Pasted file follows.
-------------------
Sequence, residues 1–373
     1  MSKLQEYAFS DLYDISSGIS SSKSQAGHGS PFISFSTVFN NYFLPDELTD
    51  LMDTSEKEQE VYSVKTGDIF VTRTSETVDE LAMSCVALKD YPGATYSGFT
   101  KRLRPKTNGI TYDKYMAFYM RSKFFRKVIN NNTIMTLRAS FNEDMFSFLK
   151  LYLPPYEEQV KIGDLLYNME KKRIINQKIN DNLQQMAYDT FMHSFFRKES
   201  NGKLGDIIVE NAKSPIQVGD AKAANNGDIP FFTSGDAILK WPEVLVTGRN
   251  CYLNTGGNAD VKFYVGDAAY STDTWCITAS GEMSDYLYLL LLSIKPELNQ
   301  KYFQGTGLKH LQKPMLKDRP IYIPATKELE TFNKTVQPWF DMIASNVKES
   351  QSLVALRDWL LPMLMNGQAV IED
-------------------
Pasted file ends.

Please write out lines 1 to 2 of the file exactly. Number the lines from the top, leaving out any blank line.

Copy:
Sequence, residues 1–373
     1  MSKLQEYAFS DLYDISSGIS SSKSQAGHGS PFISFSTVFN NYFLPDELTD